MANHATTAN, KANSAS, US — Kansas State University (KSU) and the University of Saskatchewan are teaming up to improve wheat using genome editing technology.
Groups will cooperate on a $650,000 grant from the US Department of Agriculture’s (USDA) National Institute of Food and Agriculture (NIFA).
KSU’s work on the project will be led by Eduard Akhunov, a wheat geneticist. He will work with Harold Trick, a professor in KSU’s Department of Plant Pathology, and his research team. Both will join researchers at the University of Saskatchewan in using genome editing technology to improve productivity and nutrition in the world’s wheat lines.
Akhunov said the genome editing is based on technology called “clustered regularly interspaced short palindromic repeats,” also referred to as CRISPR.
“CRISPR is a powerful and extremely precise molecular tool capable of making targeted changes in genetic code,” Akhunov said. “It allows us to produce novel variants of genes that have improved properties and create a positive impact on the traits of interest.”
Use of the CRISPR technology will allow researchers to zero-in on positive or valuable traits that can accelerate the development of crops that produce higher yields, quality and nutrition.
“Our project will use the capabilities of CRISPR-Cas (referring to use of the technology with an associated protein) to empower traditional breeding strategies,” Akhunov said. “Integrating this tool into modern breeding practices can substantially speed up the rate of genetic gain by accelerating the identification of agronomic genes, broadening genetic diversity, and reducing the time required for traits introgression (transfer) into the adapted germplasm.”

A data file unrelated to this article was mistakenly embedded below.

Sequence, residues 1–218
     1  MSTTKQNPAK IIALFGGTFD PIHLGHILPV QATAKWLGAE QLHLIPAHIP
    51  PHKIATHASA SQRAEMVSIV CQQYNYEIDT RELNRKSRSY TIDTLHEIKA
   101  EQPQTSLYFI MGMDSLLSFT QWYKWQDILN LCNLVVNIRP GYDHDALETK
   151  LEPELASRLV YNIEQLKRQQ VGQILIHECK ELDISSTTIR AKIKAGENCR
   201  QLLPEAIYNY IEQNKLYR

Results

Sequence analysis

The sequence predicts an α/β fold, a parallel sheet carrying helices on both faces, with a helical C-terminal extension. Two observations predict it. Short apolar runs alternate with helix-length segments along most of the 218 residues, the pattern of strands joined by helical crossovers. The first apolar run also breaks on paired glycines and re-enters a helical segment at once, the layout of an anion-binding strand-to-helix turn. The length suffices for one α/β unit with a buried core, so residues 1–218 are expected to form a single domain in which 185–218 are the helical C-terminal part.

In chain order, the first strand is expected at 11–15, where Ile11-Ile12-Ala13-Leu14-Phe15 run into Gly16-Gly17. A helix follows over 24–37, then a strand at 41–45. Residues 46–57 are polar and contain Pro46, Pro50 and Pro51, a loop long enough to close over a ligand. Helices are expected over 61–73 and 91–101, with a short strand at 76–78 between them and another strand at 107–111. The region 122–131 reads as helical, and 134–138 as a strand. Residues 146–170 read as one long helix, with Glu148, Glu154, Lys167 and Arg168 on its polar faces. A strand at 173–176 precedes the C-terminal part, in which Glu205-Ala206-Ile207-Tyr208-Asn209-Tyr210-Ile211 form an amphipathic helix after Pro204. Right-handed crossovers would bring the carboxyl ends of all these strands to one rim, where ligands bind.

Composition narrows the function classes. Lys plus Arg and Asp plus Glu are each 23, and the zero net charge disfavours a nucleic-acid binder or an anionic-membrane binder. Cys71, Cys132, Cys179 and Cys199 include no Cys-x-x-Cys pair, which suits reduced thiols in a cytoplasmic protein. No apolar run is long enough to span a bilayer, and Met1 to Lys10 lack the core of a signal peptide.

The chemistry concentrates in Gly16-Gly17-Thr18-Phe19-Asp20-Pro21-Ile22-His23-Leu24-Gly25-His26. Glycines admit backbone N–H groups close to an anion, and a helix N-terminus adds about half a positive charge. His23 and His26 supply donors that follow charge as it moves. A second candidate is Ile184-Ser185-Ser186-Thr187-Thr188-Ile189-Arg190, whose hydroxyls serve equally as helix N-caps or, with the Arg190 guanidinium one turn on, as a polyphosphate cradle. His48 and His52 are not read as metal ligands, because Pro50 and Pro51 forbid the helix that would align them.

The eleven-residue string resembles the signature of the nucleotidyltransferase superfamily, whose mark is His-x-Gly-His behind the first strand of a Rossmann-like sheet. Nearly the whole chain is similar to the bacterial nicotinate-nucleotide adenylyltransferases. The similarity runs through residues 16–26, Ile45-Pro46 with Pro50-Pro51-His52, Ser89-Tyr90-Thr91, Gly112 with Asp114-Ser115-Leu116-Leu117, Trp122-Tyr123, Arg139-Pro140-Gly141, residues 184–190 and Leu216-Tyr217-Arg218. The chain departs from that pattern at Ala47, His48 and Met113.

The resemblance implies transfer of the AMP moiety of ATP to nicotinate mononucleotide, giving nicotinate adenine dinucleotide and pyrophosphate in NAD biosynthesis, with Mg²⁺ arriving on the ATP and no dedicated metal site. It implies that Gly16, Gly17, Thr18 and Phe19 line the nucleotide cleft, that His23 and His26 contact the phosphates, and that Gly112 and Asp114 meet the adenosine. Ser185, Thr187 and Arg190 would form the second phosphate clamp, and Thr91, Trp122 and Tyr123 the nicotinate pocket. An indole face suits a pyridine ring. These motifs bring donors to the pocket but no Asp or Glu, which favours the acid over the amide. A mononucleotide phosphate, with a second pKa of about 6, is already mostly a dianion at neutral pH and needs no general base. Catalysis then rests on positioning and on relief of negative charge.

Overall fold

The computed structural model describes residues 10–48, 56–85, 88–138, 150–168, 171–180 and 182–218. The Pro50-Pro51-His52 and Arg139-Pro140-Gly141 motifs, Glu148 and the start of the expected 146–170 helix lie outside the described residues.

The University of Saskatchewan’s research will be led by Curtis Pozniak, director of the Crop Development Centre at the University of Saskatchewan.
The goal of the partnership is to use CRISPR technology to introduce domesticated traits into wild wheat relatives.
“These efforts may pave new ways for broadening the genetic diversity of modern bread wheat by creating newly domesticated varieties of wild crops,” Akhunov said. “Our combined efforts should help to establish the CRISPR-Cas technology as a precision breeding tool in the wheat breeder’s toolbox for characterizing, developing and transferring traits into their breeding programs.”
The project will collaborate closely with NIFA’s Wheat Coordinated Agriculture Project (Wheat-CAP), a multi-state project; the International Wheat Yield Partnership; and the NIFA IWYP Winter Wheat Breeding Innovation Hub, which was recently established at KSU.